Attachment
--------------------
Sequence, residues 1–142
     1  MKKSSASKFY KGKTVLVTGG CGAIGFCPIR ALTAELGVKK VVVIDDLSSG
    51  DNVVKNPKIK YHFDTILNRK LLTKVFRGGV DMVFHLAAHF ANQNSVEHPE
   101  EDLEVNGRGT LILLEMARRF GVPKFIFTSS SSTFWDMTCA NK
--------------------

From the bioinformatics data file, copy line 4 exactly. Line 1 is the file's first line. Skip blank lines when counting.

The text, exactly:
   101  EDLEVNGRGT LILLEMARRF GVPKFIFTSS SSTFWDMTCA NK